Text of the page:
Has the DBPR ever released it statement?
I was just talking to John S about the last thread going quite. Looking forward to how the dbpr will set policy to comply to the law
Nothing to clarify. And it has nothing to do with the 10 square foot thing which has always been there.
Read lines 37 through 40 of http://www.flsenate.gov/Session/Bill/2011/0849/BillText/er/HTML
I got this put into a Bill quietly. If you watched the Florida forum, you’ll note that no one really knew about it. Had to be done stealth because the mold industry was fighting me from all sides (and still are) and they didn’t want licensed home inspectors to test for mold.
I think what happened is that the DBPR didn’t even know I did it until I pointed it out to them (only after it was passed and the Governor signed it).
I only had to point it out because the DBPR accidentally started telling some of our members that they couldn’t perform mold tests. The DBPR has since stopped doing that.
Go Nick !!!
Hope it works and stays as you planned.
Changing law is my option of last resort.
I had thought the 10 square foot thing was clear enough. Apparently I was wrong. So I had to take it a step farther (or is it further)? LOL. Here: http://www.nachi.org/fartherfurther.htm
Anyway, lines 37 through 40 of http://www.flsenate.gov/Session/Bill/2011/0849/BillText/er/HTML are pretty clear now.
I’m also pretty happy about line 1811. InterNACHI’s free, online Wind Mitigation course is CILB-approved.
Are you saying that Russell H. Needs to send a check to nachi nickles?
No freakin way! I am not saying he is right or he is wrong. What I am saying is that as recent as about 1 month ago the Executive director placed on the DBPR website this…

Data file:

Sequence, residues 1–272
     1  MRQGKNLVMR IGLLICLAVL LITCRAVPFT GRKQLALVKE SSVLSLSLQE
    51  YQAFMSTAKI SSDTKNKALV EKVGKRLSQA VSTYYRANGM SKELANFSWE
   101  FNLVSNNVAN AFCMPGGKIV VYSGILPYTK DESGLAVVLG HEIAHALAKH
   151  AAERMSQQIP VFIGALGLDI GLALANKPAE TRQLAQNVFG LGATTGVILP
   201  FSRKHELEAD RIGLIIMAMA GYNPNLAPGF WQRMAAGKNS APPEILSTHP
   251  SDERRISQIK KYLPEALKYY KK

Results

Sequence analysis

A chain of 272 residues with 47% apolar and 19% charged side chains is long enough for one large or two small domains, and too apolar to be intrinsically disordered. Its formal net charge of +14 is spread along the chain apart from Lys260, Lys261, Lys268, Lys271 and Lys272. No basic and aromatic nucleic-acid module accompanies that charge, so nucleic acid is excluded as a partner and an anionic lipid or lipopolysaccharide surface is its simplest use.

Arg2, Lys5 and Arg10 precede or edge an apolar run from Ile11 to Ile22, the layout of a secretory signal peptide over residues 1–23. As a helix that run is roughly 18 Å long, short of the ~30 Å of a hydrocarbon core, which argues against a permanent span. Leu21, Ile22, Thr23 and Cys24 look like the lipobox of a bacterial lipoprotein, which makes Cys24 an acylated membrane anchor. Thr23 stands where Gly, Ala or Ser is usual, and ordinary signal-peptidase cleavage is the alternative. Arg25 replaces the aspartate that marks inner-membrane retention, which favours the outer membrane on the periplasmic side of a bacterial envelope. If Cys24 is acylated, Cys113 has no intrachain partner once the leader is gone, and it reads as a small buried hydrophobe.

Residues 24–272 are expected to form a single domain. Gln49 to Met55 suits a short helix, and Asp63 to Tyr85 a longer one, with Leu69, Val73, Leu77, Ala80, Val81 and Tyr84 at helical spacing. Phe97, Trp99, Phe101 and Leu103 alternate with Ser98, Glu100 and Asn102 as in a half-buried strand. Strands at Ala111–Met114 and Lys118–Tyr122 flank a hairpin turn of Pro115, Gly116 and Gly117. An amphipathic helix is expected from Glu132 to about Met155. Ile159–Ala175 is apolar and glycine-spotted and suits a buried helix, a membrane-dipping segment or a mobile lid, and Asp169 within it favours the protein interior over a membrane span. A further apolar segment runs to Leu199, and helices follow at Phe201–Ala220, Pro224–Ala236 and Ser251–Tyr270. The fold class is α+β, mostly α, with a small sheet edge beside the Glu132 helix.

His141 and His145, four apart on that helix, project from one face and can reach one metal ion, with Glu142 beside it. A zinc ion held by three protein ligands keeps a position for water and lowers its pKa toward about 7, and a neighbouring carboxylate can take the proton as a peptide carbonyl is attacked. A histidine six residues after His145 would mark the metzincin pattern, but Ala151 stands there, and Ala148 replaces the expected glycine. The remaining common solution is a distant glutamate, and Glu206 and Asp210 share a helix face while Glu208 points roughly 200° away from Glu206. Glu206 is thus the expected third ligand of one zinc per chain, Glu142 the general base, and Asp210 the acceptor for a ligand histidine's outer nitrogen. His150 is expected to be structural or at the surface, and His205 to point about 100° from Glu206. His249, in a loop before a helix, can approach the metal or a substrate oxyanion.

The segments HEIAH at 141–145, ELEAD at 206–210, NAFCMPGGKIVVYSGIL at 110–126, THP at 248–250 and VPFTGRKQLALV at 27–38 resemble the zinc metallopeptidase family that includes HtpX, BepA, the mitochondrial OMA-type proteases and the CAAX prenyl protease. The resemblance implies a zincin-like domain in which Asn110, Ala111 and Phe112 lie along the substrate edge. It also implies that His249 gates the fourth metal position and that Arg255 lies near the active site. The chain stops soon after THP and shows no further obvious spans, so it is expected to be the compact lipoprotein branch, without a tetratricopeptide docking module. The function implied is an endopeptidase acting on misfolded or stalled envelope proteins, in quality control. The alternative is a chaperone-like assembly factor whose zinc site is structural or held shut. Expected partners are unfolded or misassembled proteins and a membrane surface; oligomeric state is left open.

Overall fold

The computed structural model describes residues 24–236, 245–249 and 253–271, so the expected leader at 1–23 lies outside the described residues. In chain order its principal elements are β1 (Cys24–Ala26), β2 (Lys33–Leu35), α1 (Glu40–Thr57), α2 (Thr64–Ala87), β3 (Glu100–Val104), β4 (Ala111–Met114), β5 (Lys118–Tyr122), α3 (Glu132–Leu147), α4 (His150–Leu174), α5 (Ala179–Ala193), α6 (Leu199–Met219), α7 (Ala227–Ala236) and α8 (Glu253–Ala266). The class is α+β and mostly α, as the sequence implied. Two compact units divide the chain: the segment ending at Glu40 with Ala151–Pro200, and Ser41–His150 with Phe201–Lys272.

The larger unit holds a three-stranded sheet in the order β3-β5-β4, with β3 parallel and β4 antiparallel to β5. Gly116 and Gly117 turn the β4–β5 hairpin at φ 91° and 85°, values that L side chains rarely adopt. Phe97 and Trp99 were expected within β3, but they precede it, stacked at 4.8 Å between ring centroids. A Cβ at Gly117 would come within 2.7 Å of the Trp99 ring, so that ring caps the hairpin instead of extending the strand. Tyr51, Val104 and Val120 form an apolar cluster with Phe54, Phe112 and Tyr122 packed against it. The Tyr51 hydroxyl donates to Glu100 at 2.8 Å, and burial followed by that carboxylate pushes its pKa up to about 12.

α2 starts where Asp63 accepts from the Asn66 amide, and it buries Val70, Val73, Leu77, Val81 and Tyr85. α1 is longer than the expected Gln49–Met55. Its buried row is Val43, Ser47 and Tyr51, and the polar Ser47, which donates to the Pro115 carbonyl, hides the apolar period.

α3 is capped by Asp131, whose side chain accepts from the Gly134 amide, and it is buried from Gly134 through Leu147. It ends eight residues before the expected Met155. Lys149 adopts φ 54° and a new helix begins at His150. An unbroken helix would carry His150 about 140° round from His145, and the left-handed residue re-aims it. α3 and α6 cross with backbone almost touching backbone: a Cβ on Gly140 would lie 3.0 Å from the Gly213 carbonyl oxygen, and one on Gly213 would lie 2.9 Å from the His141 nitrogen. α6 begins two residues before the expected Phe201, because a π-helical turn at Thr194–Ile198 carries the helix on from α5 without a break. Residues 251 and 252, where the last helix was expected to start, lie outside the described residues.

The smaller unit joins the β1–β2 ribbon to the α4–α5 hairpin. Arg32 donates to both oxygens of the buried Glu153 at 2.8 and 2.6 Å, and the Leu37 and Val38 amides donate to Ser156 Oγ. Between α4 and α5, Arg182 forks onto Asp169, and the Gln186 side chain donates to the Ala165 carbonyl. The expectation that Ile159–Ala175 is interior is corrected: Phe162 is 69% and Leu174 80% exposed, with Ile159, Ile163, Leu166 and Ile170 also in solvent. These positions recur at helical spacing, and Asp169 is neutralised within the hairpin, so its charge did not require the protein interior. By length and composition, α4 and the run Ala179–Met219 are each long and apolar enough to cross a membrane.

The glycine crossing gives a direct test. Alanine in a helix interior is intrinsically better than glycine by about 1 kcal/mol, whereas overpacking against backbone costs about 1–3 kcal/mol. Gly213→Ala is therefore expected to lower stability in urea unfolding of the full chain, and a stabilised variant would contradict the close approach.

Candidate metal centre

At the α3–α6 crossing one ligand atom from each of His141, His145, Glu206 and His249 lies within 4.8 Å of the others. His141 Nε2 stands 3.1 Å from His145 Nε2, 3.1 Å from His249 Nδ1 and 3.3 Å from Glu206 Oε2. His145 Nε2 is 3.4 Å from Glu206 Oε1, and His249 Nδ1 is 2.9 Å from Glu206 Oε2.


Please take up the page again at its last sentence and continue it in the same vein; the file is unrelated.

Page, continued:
Now please read it an tell me what you interpret it to say. Remember this was JUST put up within a month.
I am totally serious, please read it and tell me what it says to YOU. I read it one way and just curious on how others read it. Undert the “Needs a license” portion it is cut and dry.
Read it again slower Russell. The title of the page is:
It says you need a license (which you do). It doesn’t say you need a mold assessor’s license… because you don’t… at least you don’t any longer.
And if you did, the DBPR would have quickly issued an official statement saying so. We asked them to. They have refused, because such a statement would be false.
LMAO…are you serious? Read the heading. With your mentality then Mold Assesors can do home inspections because all license are interchangeable.
I mean typically when I look under the heading
Mold-Related Services Licensing Program
This page provides helpful information and examples about the types of services that must be performed by a DBPR-licensed individual or business
What services require a State of Florida license?
Mold Assessors and remediators
I tend to think its for mold professionals…But thats just me.
I say your wrong according to the DBPR website
I asked the DBPR to state that Home Inspectors COULD do mold testing and they have not. Does that mean I am right or wrong?
Here is the way I look at it. I go to the DBPR website and see what they say. I find it cut and dry, Nick does not.
I also look at it this way, if the state of Florida adopts the 2011 NEC code, does that mean we have to abide by it 100% or is there something called the AHJ, Authority Having Jurisdiction? My license is given to me by the Florida DBPR and I find them my AHJ, hence I go to their website and look at it as the AHJ. Doesn’t that make sense?